The role of a palliative care inpatient unit in disease management of cancer and HIV patients
Objectives. To monitor the success of an inpatient palliative care unit combining private and state patients, and accessible to patients with cancer and AIDS. Design. An observational study was conducted of patients admitted to the unit in the first 3 months following opening of the ward (1 March - 31 May 2006). Methods. Data were collected on all patients admitted to the ward to establish patient profiles, duration of stay and outcome of palliative care. Results. In the first 3 months 51 patients were admitted. Of these patients, 36 (70%) (1 readmission) had AIDS. All the AIDS patients had stage 4 disease and all but 3 were on antiretroviral (ARV) treatment. The death rate in the initial 3 months was 38% in the cancer group and 33% in the AIDS group. By the end of the 5th month the death rate was 37.5% in the cancer group, and 27% in the AIDS group. The remainder of the patients were discharged. The average duration of stay in the ward was 8.3 days. Among those who died, the average stay was 3.8 days for cancer patients and 8.3 days for AIDS patients. Among the patients who were discharged, the average duration of stay was 7 days for cancer patients and 8.5 days for AIDS patients. Conclusions. The profile of terminally ill patients with cancer and AIDS was initially similar in terms of death rate. In the first 3 months 38% of cancer patients and 33% of AIDS patients died. In the following 2 months the death rate was 33% for cancer patients and 19% for AIDS patients. While the numbers of patients are small and only an indication of trend, the AIDS death rate seems to be dropping. This may be because ARV treatment is being introduced earlier, or because the role of palliative care in the treatment of AIDS patients is gaining recognition and introduction of this form of treatment is having a beneficial effect on outcome. In this hospital it is now accepted that AIDS patients developing symptoms on treatment will benefit from admission to a palliative care ward. This intervention may well improve the outcome in stage 4 AIDS. The duration of stay in the ward is longer for AIDS patients, and it appears that AIDS patients who survive will need a longer stay in the palliative care unit than cancer patients if outcome is to improve.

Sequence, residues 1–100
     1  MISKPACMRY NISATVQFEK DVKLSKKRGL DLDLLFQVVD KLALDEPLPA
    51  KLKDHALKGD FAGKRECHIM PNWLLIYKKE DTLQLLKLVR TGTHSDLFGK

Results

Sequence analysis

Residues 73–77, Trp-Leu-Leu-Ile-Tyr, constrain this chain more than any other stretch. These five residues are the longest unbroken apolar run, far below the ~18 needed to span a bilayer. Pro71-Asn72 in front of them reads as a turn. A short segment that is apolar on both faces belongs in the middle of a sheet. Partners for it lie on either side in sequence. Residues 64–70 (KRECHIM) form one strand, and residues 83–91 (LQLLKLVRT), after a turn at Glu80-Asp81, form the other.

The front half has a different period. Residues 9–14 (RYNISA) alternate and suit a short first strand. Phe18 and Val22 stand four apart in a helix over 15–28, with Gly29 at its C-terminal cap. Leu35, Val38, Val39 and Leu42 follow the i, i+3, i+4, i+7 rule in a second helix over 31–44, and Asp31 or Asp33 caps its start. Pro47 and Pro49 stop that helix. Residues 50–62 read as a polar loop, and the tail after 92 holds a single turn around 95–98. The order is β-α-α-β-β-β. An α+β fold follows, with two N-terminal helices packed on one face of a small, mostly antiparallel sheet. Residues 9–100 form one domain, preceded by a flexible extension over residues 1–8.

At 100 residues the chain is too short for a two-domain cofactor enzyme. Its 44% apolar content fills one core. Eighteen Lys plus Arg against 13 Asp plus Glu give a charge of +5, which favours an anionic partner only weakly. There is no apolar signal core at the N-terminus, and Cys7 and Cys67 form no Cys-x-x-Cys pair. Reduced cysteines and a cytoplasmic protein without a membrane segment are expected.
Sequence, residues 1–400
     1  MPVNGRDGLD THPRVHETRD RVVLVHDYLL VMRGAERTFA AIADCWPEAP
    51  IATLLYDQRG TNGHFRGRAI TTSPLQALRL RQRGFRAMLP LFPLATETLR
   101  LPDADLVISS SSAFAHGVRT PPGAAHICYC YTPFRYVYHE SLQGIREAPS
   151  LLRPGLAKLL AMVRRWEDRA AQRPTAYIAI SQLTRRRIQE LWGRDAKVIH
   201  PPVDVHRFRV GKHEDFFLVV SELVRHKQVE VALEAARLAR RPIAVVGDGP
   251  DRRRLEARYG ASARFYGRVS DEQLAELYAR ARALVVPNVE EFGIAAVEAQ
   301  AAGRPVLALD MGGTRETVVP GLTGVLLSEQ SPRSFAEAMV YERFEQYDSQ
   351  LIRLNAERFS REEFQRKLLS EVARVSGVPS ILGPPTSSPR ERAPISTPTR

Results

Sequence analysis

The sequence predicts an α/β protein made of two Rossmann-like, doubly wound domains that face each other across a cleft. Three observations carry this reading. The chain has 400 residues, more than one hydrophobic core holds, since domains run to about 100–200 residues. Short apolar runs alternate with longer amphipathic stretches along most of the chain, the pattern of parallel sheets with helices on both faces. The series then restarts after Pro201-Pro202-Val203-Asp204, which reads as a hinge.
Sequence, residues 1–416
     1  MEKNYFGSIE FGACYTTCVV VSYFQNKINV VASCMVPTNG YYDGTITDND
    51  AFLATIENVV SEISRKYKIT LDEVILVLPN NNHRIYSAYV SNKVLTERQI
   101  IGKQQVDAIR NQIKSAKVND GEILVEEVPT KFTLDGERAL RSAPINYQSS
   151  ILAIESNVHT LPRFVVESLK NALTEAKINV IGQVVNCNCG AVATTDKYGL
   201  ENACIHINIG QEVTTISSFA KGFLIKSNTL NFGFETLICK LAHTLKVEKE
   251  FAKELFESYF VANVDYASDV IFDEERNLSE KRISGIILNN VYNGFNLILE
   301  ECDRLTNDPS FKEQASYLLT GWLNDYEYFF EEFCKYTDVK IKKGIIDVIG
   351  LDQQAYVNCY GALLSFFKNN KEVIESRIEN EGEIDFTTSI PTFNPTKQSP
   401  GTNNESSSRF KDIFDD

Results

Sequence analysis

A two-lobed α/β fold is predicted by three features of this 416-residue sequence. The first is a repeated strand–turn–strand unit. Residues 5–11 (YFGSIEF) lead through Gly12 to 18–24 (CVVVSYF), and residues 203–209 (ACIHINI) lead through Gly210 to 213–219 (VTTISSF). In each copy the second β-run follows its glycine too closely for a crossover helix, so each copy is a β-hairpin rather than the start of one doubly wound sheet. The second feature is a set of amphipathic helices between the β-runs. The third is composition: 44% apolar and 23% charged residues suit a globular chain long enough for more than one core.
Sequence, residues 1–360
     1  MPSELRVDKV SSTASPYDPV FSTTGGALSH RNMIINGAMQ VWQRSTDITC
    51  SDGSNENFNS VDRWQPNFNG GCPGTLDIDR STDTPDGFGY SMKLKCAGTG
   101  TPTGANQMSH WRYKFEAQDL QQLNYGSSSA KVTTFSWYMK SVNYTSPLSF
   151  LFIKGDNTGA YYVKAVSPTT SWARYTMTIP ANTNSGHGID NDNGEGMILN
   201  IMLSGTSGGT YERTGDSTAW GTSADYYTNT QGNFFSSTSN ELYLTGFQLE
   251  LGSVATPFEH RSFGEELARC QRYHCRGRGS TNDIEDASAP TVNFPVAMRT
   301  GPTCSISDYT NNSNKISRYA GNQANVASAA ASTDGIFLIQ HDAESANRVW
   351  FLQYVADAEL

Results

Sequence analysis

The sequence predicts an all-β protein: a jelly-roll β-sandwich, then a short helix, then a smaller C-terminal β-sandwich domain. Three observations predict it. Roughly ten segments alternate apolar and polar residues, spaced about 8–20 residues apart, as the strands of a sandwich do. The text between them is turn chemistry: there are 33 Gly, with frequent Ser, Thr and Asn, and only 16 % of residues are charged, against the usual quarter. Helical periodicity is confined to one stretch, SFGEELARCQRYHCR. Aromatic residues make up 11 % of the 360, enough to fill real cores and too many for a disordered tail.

South African Medical Journal Vol. 97 (9) 2007: pp. 849-852
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